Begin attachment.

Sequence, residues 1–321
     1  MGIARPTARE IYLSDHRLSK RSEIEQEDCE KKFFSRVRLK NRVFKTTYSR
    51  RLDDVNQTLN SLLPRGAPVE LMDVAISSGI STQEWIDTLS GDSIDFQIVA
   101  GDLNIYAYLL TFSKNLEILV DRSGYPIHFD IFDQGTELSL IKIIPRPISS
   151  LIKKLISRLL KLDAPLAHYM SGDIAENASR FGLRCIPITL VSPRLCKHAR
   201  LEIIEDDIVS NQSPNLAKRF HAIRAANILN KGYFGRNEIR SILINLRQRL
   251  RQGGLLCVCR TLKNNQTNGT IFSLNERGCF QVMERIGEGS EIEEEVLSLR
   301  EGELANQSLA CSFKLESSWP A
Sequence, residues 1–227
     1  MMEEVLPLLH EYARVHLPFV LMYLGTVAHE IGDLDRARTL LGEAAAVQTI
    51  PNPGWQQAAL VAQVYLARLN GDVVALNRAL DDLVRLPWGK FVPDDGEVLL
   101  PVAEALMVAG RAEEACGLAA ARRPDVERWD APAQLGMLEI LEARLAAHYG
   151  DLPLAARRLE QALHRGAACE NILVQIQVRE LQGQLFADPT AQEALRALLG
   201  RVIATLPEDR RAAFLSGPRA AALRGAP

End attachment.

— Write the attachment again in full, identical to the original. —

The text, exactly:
Sequence, residues 1–321
     1  MGIARPTARE IYLSDHRLSK RSEIEQEDCE KKFFSRVRLK NRVFKTTYSR
    51  RLDDVNQTLN SLLPRGAPVE LMDVAISSGI STQEWIDTLS GDSIDFQIVA
   101  GDLNIYAYLL TFSKNLEILV DRSGYPIHFD IFDQGTELSL IKIIPRPISS
   151  LIKKLISRLL KLDAPLAHYM SGDIAENASR FGLRCIPITL VSPRLCKHAR
   201  LEIIEDDIVS NQSPNLAKRF HAIRAANILN KGYFGRNEIR SILINLRQRL
   251  RQGGLLCVCR TLKNNQTNGT IFSLNERGCF QVMERIGEGS EIEEEVLSLR
   301  EGELANQSLA CSFKLESSWP A
Sequence, residues 1–227
     1  MMEEVLPLLH EYARVHLPFV LMYLGTVAHE IGDLDRARTL LGEAAAVQTI
    51  PNPGWQQAAL VAQVYLARLN GDVVALNRAL DDLVRLPWGK FVPDDGEVLL
   101  PVAEALMVAG RAEEACGLAA ARRPDVERWD APAQLGMLEI LEARLAAHYG
   151  DLPLAARRLE QALHRGAACE NILVQIQVRE LQGQLFADPT AQEALRALLG
   201  RVIATLPEDR RAAFLSGPRA AALRGAP